20

I was trying to sort one file with numeric values like this:

414e-05
435e-05
0.5361
0.7278
0.1341
0.9592
0.2664

With sort all the numers get sorted except for the ones with the exponent, is there some way for sort function to evaluate this expression?

37

If your version of the sort command is new enough, it should support the -g option (or --general-numeric-sort) if you like your options long). It is described like this in the info manual:

Sort numerically, using the standard C function strtod to convert a prefix of each line to a double-precision floating point number. This allows floating point numbers to be specified in scientific notation, like '1.0e-34' and '10e100'.

  • but -g seems not to sort a mixture of floating point numbers and scientific notation. I have sort 8.25 and it puts the two first numbers to the end. – HongboZhu May 11 '16 at 13:26
  • Oh, my bad. I have a European locale. – HongboZhu May 11 '16 at 13:35
3

If you don't have sort -g, an alternative you can get is scisort.

  • I have sort 8.23 and the "g" option doesn't work. @mob thanks for the solution. – boczniak767 Jan 31 '16 at 20:05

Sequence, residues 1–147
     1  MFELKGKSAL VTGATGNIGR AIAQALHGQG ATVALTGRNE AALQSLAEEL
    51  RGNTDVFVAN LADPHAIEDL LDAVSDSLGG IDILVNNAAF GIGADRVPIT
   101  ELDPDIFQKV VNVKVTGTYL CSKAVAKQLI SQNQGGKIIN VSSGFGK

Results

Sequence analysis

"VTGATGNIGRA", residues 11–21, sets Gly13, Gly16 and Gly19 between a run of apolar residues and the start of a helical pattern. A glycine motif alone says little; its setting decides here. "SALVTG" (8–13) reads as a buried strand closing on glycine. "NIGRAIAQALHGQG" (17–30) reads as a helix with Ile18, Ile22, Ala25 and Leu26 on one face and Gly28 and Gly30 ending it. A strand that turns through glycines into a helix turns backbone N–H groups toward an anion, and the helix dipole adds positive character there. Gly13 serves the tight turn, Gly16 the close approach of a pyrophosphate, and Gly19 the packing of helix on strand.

3

 

perl -e 'print sort { $a<=>$b } <>' < input-file
2

I don't have enough rep. to comment, so I am writing this to complement the accepted answer:

for those who have locales which use a comma instead of a period to indicate decimals, the sorting of decimals will not work properly, as pointed out by HongboZhu

Solution: the sorting of lists with period-delimited numbers will work properly when using something like the following command (important is the LC_ALL=C):

ls yourFolder|LC_ALL=C sort -g

This solution comes from the following post: https://unix.stackexchange.com/questions/506965/bash-sort-g-does-not-work-properly

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